Goodbye – Words of Sympathy

I always took for granted,
what I thought I’d never lose.
Because I never thought it would happen,
until I heard the dreaded news.

They say you were chosen for his garden,
His preciously hand picked bouquet.
“God really needed him,
That’s why he couldn’t stay.”

Saying goodbye is never easy,
It’s the hardest thing to do.
But what hurts me even more
Is not the chance to say it to you.

So today, Jesus, as you are listening
in your home above;
Would you go and find my dad,
And give him all my love!
(by Tammy Marie Denue)

My Father – Words of Sympathy

He was diagnosed with cancer
and given six months to two years,
though we never saw him cry
we all saw the tears.

He was the one who was there
for me the most,
to listen to my fears
and help rid the ghosts.

He did his treatments, went into
remission, doing well,
the problems he would have
who knew, who could tell?

He was the one who would
catch me cry,
and talk to me till my
tears were dry.

Five years later while lying in the
hospital bed in the month of May,
my father stopped responding,
my father passed away.

Now being here feeling lonely
as a mouse,
he is gone, my father,
Ronald Krause.

He didn’t die alone,
a part of me died with him.
(by Kristi E. Millikan)

I Still Miss You – Words of Sympathy

It’s been some time, since you’ve been gone
I thought by now, I would be strong
I think of you, and shed my tears
I wonder who, will still my fears.

Your memories remain, inside my heart
My soul it seems, to be torn apart
You told me secrets, I hold so dear
I only wish, you would be near.

I still miss and love you, can’t you see
I wish to hold, and talk with thee
So many things, I could not say
And now you’ve gone, so far away.

You taught me to, in God believe
You said he would always, take care of me
So take my hand, and guide me there
And save a place, one day to share.

I love you Mom & Dad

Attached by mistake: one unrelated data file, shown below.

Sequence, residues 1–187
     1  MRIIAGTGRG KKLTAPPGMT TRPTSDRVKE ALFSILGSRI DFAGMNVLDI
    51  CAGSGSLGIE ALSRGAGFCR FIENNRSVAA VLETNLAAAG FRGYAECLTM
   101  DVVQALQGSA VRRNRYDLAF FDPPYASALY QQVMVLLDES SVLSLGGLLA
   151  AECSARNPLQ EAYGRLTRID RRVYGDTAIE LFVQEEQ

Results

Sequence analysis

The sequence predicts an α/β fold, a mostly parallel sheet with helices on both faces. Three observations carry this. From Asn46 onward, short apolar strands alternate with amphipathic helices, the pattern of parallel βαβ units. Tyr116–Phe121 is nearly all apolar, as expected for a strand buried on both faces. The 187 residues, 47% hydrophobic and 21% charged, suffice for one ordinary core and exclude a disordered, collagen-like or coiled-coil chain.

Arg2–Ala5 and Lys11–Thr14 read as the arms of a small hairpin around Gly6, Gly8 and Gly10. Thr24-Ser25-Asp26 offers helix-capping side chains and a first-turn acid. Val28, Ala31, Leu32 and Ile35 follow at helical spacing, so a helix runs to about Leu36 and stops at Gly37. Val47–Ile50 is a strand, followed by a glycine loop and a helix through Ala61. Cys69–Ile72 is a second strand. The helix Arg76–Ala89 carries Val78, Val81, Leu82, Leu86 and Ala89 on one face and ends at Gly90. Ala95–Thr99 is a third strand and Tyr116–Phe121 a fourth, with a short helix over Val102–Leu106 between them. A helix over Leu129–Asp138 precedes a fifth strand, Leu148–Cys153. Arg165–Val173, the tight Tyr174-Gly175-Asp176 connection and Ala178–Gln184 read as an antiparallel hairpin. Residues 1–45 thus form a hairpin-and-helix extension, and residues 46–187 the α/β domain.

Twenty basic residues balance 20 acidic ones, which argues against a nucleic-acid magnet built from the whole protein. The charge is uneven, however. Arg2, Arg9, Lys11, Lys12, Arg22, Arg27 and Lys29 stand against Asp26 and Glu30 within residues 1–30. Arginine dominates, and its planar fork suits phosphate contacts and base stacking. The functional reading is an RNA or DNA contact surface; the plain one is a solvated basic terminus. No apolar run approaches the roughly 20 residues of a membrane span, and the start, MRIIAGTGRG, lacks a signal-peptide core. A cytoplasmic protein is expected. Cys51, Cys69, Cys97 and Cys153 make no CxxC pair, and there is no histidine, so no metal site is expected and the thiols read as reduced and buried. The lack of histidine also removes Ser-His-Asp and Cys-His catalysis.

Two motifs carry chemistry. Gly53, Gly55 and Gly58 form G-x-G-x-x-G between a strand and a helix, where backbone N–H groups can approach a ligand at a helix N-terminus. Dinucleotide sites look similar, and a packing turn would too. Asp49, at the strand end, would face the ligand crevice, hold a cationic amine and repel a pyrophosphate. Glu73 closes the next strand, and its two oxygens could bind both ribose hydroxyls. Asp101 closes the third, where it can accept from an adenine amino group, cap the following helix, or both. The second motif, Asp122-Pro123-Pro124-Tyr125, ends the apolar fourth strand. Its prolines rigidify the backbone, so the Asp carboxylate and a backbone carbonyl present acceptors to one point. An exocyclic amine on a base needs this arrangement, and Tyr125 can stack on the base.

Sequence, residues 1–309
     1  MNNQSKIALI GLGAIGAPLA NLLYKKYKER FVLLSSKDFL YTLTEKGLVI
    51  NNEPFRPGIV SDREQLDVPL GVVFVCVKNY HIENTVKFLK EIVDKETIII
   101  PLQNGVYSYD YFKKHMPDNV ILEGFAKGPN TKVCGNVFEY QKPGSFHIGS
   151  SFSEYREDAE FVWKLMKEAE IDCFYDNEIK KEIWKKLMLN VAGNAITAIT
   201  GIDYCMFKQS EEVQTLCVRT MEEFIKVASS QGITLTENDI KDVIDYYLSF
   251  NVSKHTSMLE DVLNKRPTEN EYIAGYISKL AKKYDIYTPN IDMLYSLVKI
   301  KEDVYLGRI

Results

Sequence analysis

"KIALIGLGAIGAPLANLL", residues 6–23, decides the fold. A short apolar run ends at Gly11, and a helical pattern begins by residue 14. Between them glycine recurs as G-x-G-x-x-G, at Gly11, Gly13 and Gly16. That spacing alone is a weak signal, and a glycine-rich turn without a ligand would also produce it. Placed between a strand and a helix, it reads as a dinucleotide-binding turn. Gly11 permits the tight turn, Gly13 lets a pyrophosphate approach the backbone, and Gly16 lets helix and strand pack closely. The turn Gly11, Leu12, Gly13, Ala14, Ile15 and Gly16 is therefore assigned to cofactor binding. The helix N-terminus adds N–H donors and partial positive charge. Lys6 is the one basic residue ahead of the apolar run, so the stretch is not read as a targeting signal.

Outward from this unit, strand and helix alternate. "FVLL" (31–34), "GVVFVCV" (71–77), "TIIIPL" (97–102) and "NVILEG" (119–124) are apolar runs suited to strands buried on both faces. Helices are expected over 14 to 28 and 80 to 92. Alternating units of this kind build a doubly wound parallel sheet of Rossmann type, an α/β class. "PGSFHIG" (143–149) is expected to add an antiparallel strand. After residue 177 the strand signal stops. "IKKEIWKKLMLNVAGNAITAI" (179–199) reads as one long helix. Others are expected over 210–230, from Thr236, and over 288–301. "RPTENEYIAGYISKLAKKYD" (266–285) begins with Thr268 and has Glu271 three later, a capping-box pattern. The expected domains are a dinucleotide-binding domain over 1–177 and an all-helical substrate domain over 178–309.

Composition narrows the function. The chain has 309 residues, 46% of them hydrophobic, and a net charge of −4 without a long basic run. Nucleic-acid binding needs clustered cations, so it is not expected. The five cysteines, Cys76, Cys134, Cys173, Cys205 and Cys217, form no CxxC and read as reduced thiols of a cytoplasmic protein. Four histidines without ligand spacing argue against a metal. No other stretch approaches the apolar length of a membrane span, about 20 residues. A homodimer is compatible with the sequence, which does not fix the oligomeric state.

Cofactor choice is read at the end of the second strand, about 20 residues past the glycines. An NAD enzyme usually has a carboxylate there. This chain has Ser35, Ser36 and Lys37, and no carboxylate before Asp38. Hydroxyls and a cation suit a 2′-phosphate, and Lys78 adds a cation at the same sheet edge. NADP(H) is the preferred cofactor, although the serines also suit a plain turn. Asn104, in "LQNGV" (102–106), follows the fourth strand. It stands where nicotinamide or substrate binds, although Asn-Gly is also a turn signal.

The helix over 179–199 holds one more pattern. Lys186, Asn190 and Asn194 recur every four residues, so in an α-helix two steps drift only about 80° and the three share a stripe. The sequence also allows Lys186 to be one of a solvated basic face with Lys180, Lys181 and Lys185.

(by Damaris Calderon)

A Father but Not a Dad – Words of Sympathy

I’m sorry you missed out when I went to school for the 1st time,
And you didn’t have me tell you that you were all mine,
I’m sorry you weren’t there to take me to the mall,
And you weren’t there to tell me I have to stand tall,
Sorry you weren’t the one I saw when I came out of my play,
Or the one I’d run to when I had a bad day,
I’m sorry you didn’t hear me sing, you’d have been so proud,
And you weren’t there to lift me up on a cloud,
Sorry you weren’t there to tell me there’s nothing to fear,
But then again you should have been here,
I’m sorry you weren’t the one to teach me to ride a bike,
Or the one who took me on my first hike,
I’m sorry you weren’t the one who carried me on his back,
Or the one who held me tight when strength is what I lacked,
I’m sorry you weren’t the one to hold me when I cried,
Or tell me I did great when I really tried,
I’m sorry you were never there to teach me how to cook,
Or there at night to read me my favorite book,
I’m sorry me as a daughter is what you never had,
You will always be my father, but you will never be my dad.

(by Bethany M. Thomas)

Gone Fishin – Words of Sympathy

Her Head Stone reads Minnie Robinson Kyle, December 12, 1923 – March 29, 2004.

It’s that dash in the middle that has always fascinated me, even as a young adult I would look at it and wonder how a person’s life could be summed up in that tiny symbol. That symbol representing an entire life.

I wish you could have known my mother, she was much, much more than a dash between birth and death, she is UNFORGETTABLE.

People now ask what I miss most about her? I reply her hands. I loved my mother’s hands. They were so delicate, but determined, so weak, yet strong.

Most of her life she used those hands to clean homes of the more fortunate and later as a janitor at the local school. My brother and I would sometimes ask why she worked so hard, and she would answer; so my children won’t have to.

She had two joys in life other than her children and grandchildren; one was taking her fishing rod and sticking it in the sand beside a flowing river, the other quilting. Both brought her peace and contentment.

I would marvel watching her sit by the side of the river, so relaxed, listening as if the river was telling her a story. The sound of the water rushing over the rocks took her to a better place, if only for a while.

Her hands, pulling a needle through cloth, weaving pattern after pattern of wonderful art that eventually turned up on someone’s bed as a gift from Ms. Minnie. That’s what most people called her. That’s who she was.

I try to envision what her Heaven must be like. You know it’s different for all of us. Her’s I believe is surrounded by a flowing river, where the water always plays a melody as it rushes by. It flows past a lovely little cottage in which there is a quilting corner with table and comfortable chair. Around the room, a display of quilts, wonderful, colorful quilts. Also neatly tucked beside the table is the next pattern to be cut, the next stitches to be sewn, endless time to spend pulling needle through cloth.

There she walks freely from cottage to riverbank, free of pain, void of worry, doing the two things she enjoyed most in life.